Conductor: Cloud Rendering for VFX, VR and Animation
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Latest comments

To be honest? What was Star Wars? George Lucas!!! It was cool back then in the 70 ties! Nothing ever before was like it..and it had character! 2 little shiny robots that behaved like humans! The n th sequal of something that was major in the past...! My advice? Start something new dont copy Star Wars...and give it some heart again! Put the industry to shame!!!😉 my 2 cents..

by Thomas Guillemot
9 hours ago

Well that's a lot of hats !

by Thomas Van Fossen
14 hours ago

So why not finish the project but making it super generic? Strip all star wars terms out. Then when the game is finished, allow for modders to make a conversion mod that will reinsert the star wars material? That way he can finish it and we all can get what we want and no one has to give up on their dreams.

Conductor: Cloud Rendering for VFX, VR and Animation
1 September, 2017

We’ve talked with Conductor’s Mac Moore about the new cloud rendering platform, which can help you render your stuff faster and cheaper.

Cloud rendering is not a new thing out there. A lot of big studios are using services like Ranchcomputing, Render Storm, Rebusfarm and other similar solutions to get some of their rendering done. This helped to make the whole rendering pipeline much easier and more affordable. However, it’s still not flexible enough. Cloud rendering platform Conductor is going to change it.

Conductor takes a bunch of rendering cloud power under its belt (think Google Cloud Platform, Microsoft Azure). It is cloud-agnostic, so it’s safe to assume that the company will support cloud services from Amazon further down the line. What makes Conductor unique is its structure.

You can use more power when you have a lot of stuff to render, or you can virtually cut your usage to a zero. You only pay for render resources as needed. From that ‘stasis’ you can scale up to meet production demands. To date, Conductor has been used to render more than  30 million core hours and 36K simultaneous cores. Bigger companies like Vrtul, Riot Games, Atomic Fiction and Magnopus have already used Conductor to render stuff in “Deadpool,”“Star Trek Beyond,”“Transformers: The Last Knight,”“Pirates of the Caribbean: Dead Men Tell No Tales” and “The Walk”. As you probably expect, to ensure maximum data security, Conductor adheres to MPAA guidelines gets verification through ISE. Say no to leaks.

When we think of traditional cloud rendering we tend to think of bigger companies, studios who work with films and complex CGI. Conductor is much more approachable. A great example is the way a small VR/AR company Magnopus utilized this service. Magnopus is concentrated on interactive VR/AR and therefore all of the content is rendered in real-time game engines. The studio has a very small local render farm of 50 nodes. They use from time to time to do some basic work, but when they got a new task to create a 360-video requiring 5K stereo renders, they needed some additional power quickly.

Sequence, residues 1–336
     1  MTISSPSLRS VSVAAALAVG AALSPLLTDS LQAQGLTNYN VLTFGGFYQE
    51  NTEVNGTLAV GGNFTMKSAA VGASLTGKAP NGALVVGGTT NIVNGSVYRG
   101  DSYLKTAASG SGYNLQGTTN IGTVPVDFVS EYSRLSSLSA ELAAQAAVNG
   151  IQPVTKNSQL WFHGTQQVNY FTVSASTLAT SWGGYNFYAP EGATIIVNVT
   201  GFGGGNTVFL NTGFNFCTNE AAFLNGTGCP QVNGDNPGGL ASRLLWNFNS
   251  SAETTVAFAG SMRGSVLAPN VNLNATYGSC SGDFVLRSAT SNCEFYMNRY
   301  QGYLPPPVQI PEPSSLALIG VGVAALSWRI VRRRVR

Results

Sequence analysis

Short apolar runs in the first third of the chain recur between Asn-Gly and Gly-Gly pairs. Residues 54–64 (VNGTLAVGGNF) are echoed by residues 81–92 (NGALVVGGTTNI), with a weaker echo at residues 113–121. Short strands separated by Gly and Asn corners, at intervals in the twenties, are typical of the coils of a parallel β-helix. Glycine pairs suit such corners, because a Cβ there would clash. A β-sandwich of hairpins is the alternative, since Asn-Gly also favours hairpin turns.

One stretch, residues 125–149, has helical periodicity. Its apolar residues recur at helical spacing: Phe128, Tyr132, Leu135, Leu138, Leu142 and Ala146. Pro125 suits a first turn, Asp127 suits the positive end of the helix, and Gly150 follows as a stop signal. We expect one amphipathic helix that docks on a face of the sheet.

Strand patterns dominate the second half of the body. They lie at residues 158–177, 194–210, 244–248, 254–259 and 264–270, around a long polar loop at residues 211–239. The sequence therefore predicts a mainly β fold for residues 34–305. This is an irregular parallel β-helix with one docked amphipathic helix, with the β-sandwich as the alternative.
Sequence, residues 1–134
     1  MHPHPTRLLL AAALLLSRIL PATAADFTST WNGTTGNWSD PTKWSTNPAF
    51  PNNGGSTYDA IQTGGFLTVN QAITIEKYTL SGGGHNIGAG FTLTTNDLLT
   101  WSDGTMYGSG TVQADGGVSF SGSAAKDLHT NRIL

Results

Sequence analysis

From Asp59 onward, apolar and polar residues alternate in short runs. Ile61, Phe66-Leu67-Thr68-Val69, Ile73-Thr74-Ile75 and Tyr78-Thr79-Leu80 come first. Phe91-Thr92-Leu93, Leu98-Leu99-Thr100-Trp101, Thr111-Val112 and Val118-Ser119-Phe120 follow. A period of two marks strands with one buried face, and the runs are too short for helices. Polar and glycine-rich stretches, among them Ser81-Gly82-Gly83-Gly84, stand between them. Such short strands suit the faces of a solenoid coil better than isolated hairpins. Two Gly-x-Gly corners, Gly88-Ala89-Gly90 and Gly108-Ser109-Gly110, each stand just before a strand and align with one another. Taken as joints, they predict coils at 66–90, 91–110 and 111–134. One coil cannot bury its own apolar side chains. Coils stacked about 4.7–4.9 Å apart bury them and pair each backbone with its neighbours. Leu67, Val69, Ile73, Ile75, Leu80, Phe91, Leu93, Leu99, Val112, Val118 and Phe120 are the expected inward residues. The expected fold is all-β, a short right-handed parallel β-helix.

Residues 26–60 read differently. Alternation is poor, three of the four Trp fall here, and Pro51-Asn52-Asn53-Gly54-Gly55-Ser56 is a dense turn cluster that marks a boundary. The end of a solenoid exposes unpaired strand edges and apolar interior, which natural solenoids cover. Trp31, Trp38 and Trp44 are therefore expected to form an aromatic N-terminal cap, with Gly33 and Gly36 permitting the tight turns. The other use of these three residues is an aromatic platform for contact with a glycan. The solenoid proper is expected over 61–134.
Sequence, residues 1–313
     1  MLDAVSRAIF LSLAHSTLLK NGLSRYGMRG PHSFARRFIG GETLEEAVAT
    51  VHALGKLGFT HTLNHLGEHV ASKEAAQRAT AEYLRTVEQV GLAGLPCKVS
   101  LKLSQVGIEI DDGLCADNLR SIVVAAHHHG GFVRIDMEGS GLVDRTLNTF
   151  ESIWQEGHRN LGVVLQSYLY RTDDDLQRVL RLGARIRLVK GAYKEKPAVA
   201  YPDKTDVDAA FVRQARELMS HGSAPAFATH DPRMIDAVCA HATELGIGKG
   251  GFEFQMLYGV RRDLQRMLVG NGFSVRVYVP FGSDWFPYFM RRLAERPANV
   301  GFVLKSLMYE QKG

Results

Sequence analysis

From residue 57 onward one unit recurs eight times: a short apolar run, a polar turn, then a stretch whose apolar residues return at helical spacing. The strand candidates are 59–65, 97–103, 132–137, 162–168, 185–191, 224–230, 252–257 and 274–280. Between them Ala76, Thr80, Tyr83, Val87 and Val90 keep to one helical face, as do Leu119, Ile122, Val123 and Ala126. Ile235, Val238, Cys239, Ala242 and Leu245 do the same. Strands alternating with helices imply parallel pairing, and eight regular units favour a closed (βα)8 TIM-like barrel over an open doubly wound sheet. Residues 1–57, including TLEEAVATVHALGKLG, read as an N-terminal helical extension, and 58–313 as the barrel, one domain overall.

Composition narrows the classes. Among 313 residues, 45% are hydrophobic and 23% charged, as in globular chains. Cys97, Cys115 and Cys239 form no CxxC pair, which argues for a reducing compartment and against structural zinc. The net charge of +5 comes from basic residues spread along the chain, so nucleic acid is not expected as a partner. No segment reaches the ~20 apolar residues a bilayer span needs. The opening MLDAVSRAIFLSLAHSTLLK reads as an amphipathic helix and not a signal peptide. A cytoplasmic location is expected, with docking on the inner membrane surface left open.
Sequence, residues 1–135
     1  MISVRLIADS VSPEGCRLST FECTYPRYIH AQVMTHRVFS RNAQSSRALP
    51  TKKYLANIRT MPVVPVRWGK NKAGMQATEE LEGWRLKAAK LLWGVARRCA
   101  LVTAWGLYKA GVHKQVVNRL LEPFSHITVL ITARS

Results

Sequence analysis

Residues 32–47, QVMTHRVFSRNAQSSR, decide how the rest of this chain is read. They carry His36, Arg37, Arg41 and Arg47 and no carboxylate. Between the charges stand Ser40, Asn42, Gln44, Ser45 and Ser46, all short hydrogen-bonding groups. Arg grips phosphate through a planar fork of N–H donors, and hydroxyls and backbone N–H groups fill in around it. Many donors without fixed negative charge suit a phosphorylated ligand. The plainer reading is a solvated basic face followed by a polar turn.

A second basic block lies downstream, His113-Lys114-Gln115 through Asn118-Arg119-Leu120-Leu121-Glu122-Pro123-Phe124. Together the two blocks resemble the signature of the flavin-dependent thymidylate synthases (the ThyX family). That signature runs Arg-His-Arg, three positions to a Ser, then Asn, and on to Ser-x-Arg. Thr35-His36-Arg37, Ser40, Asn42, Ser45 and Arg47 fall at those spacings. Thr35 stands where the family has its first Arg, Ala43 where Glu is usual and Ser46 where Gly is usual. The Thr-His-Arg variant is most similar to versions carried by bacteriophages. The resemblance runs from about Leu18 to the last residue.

Conductor was fully integrated within Magnopus’s pipeline in two weeks. Assets are created and renders are submitted in Autodesk 3ds Max, converted to Chaos Group V-Ray scenes, then out through Conductor for processing of renders in V-Ray Standalone.

Conductor currently supports Autodesk Maya and Arnold, Foundry’s NUKE, Cara VR, KATANA and Ocula, Chaos Group’s V-Ray, Golaem, Ephere’s Ornatrix, and Miarmy, Clarisse Pixar Renderman. Support for additional software is on the way.

Thanks to this software the studio was able to render 1,500 frames of 5K stereo footage in a single day. The peak has been over 13,000 simultaneous cores. It was a great and simple way to build new content.

Cloud rendering has been of growing interest the last few years, but the numbers didn’t quite add up. While it offered convenience, maintaining local infrastructure was still generally more cost effective in the long run. Conductor makes cloud rendering much more financially viable, and, in some cases, can reduce a studio’s rendering costs by half. You get all that additional power, and use it only when necessary. It’s a very neat solution for game companies, who want to have some stuff done really fast with a limited budget. With all the CGI economy changing so rapidly, seems like we’re going to see more of these smart and flexible solutions.

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